When playing a local party that summer, the band got into a little spat.  A friend,
Ted Jones, sat-in and sang to cover for the guys.  That night he was asked to join the band.  When autumn came,
Marvin went into the Marines, so for the winter of 1965, The Jents were just Dave, Henry and Ted.
The various bands went their separate ways, until The Mixed Emotions fell
apart, and Mitch came up with the idea of Harp becoming the lead singer for
the MUNX, with a name change to the Ohio Power, and management by
Mitch.  The soulful voice of Harp jelled perfectly withthe edgy MUNX sound to
create a totally unique heavy, but commercial sound.
Around the winter of 1967-1968, the original Ohio Power (1.0) consisted of
LaVon Harper, singer - Henry Weck, drums – Jim McGarvey, bass - Dave
Langstaff, organ/guitar - Marty Freeland, guitar When Marty graduated from
high school June of 1968, he started making plans to move to California.
The band went 3-piece for a while, but as good fortune would have it, John
Supernavage was back in Lima visiting friends, and available to join the Ohio
Power (2.0) on Dave’s newly refurbished Hammond C-2. This allowed Dave to
move back to guitar.  John’s great voice contrasted wonderfully with Harp’s and
gave the band even more flexibility and style.
Brownsville Station: Michael “Cub” Koda (
guitar), Henry Weck (drums),  Michael Lutz (Bass)
After his first studio experience with Brownsville, Henry realized his powerful
drumming was not making the audio transition to record.  His drums sounded
wimpy, so he set out to learn audio engineering and record production.  In the
Brownsville practice place, he wired together any audio gear he could afford and
began recording Brownsville demos and a number of local bands.  In varying
degrees, he was involved in the production of the rest of Brownsville’s albums.  
He learned a great deal from working with legends like Doug Morris, Eddie
Kramer and Tom Werman.
Around 1973, Tony Driggins left Brownsville, and Michael Lutz moved from
rhythm guitar to bass.  This power trio became the Brownsville that most fans
know and love.  
During this time, Henry, or “H” as Cub liked to call him, engineered and
produced various artists for ATCO and Atlantic Records.  Then in 1983, he turned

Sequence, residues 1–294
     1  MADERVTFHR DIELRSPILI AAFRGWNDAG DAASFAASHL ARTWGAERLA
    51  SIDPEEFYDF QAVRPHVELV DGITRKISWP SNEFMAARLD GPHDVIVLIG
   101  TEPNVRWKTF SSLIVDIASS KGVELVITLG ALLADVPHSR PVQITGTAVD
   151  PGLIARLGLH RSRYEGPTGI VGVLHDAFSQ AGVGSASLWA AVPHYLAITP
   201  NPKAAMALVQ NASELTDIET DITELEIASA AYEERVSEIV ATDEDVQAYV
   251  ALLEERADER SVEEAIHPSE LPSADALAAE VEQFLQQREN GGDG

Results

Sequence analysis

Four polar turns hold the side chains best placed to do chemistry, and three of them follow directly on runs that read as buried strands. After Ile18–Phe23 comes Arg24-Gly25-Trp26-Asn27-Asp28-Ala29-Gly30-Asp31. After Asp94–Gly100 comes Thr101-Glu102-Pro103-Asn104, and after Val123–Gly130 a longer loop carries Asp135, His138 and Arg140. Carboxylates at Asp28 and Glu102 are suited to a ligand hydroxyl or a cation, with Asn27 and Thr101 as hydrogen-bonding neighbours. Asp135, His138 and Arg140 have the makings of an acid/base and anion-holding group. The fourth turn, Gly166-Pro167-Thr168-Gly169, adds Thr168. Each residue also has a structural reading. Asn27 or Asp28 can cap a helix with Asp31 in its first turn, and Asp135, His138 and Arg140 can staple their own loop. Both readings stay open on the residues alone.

a one-room schoolhouse into a 24 track recording studio.
While on tour in 1978, Brownsville played some gigs in Texas with a southern
rock group called Blackfoot.  Soon after, Henry and his manager cut some 8-
track demos on Blackfoot.  These were so hot, Blackfoot was signed to ATCO
Records.  In 1979, ATCO released the “Strikes” album, and it quickly went Gold,
then Platinum.  This led to Henry working on three Blackfoot studio and one live
album, recorded with the Rolling Stones mobile in the UK in 1982.
For the next fifteen years, bands of all sorts recorded there.  “H” finally got to know
many of the Michigan legends like Rob Tyner & Wayne Kramer, from the MC5; Ron &
Scott “Rock” Ashton from The Stooges; guys from The Up; Scott Morgan and Bill Figg
from The Rationals; and so many great talents from that golden era in rock history.  
“H” also worked with and mentored countless younger groups, many who are very
successful in the business today.
Brownsville Station: Michael “Cub” Koda (L- guitar), Michael
Lutz (R- guitar), Henry Weck (drums), Tony Driggins (bass)
There weren’t many places to play in Ohio then, but Michigan was a musical hotbed.  Because of that, The Power
played every gig they could in Ann Arbor and Detroit--that’s how Henry met the future members of Brownsville Station.  
They’d drive three hours each way, set-up, play, tear down and drive home the same night for a band total of $125.00, often less.